Private yachts range from basic sailing boats from under $5,000 per week to over-the-top super-yachts—basketball legend Michael Jordan cruised Croatia in August on a $1 million super-yacht with its own helipad, 10-foot waterslide, and gym, for instance.
Most yachts around the world hold up to 12 guests in six cabins. The ship I sailed on in Croatia, Freedom, is being reconfigured from a 39-passenger mini-cruise ship to a mega-yacht that will sleep up to 22 guests. After a winter redo, facilities will include two master suites, a massage room, cinema, gym, pool, and Jacuzzi. Clients will be able to charter the yacht starting from about $92,500/week, an experience that includes concierge services designed to assist big families or groups of friends in planning their private vacation.
When looking at a yacht to charter, it’s important to consider who will be joining you—if you are bringing kids, for instance, that will change the group dynamic—and how much time you plan to spend onboard as opposed to on shore, which will determine how much space you’ll actually need and use. Tight quarters are fine for some people, while others want room to spread out, but you will pay more for extra space.
How do food and drinks work on a private yacht?
On yacht charters you pay extra for food. The crew can stock your favorite food items; before your sailing you might be asked what you like to eat—I put fresh seafood high on my list when asked.
You may choose how many meals a day you want to eat onboard (as opposed to at restaurants on land). For full board (three meals daily), Goolets charges from about $575 per person, per week. You can also upgrade to a luxury gourmet cuisine package from about $1,390 per person, per week. I was impressed by what the two-person chef team on Freedom could create in a relatively small galley space—fresh flowers decorated beautifully presented dishes, including zucchini carpaccio with goat cheese and Croatian truffles, shrimp and black rice with squid ink, and Croatian leg of lamb.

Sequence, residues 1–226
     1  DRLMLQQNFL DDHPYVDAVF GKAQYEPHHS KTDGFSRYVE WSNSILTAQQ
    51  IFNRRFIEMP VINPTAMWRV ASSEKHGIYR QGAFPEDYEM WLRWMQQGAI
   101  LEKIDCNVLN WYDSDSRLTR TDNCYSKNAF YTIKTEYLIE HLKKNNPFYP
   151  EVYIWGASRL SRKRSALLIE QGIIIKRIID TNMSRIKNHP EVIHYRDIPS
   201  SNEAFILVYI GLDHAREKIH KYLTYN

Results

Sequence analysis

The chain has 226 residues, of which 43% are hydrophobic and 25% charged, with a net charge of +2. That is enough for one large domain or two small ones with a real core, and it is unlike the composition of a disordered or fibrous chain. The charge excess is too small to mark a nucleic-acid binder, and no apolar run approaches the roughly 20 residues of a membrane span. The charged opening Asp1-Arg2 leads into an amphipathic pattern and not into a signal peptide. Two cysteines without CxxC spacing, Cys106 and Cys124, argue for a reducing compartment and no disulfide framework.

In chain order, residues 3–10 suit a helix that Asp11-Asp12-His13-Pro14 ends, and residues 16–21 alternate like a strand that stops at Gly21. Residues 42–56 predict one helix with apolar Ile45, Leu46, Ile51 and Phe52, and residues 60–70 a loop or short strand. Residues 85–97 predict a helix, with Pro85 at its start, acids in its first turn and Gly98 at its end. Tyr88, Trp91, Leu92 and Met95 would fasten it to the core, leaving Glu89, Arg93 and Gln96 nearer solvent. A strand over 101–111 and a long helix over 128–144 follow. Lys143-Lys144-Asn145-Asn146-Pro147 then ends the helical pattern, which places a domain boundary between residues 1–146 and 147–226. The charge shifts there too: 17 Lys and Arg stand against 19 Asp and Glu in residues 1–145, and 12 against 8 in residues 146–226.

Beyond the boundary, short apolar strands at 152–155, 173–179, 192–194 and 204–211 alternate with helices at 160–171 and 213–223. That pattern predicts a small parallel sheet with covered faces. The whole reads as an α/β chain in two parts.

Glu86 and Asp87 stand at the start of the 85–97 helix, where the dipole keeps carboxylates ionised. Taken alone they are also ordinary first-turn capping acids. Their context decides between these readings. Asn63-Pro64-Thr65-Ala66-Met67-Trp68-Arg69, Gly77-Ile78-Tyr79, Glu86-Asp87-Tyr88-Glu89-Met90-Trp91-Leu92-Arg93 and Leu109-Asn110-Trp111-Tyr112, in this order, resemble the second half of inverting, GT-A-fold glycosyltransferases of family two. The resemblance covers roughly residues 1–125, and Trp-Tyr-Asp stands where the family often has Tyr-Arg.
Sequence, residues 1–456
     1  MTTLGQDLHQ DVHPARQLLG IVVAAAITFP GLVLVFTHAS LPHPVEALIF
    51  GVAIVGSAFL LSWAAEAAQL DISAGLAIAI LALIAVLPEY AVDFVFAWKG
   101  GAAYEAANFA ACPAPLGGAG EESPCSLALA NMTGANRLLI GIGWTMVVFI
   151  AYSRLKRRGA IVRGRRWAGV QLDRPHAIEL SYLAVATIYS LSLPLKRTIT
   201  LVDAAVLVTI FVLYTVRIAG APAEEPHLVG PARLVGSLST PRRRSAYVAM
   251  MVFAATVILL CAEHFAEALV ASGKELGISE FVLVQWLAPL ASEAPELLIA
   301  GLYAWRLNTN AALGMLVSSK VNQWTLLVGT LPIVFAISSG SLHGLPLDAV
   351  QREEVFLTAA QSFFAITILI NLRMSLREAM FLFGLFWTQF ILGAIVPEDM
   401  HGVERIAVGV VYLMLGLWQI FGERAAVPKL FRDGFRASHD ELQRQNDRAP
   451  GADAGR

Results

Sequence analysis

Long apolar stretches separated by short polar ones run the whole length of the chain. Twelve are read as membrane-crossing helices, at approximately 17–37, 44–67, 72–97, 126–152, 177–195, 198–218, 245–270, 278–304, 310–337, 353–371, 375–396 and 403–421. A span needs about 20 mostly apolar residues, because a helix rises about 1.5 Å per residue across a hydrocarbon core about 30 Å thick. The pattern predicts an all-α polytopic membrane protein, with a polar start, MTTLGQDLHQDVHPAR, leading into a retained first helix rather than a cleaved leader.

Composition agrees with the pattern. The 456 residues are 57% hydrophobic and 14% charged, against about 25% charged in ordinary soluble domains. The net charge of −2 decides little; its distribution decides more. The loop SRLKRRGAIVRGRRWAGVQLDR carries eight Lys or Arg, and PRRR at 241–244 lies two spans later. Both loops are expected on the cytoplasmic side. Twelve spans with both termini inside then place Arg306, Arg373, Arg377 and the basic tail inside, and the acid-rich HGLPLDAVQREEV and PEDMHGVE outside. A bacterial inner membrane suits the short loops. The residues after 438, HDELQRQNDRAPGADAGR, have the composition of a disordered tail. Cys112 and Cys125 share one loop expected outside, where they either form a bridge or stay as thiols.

Alcohol is typically an extra charge as well. A Goolets package with quality Croatian wines and beers and an international assortment of liquor costs $575 per adult, for a weeklong sailing.
Do private yachts come with a crew?
Freedom is staffed by a crew of about 11, including a captain, chefs, a masseuse, deckhands, bartenders, cleaners, and servers. You can also request, and pay for, additional crew—such as a dive master, fitness trainer, or a hair stylist. Most luxury yachts come with a crew of one to six, starting with the captain.
How private yacht companies help with itinerary planning
Having local experience helps in determining where to cruise, wherever you are sailing. Our captain, Ivan, who also owns Freedom, devised an activity-packed but never overloaded route from Split, where there’s a modern airport that is relatively easy to get to via international flight connections. (And where you can see the remains of Roman emperor Diocletian’s retirement home before sailing away.)
We hit Croatian hot spots such as trendy Hvar, where we dined at Gariful, a seafood restaurant that musician Jon Bon Jovi liked so much he left an autographed guitar (now proudly displayed on a wall).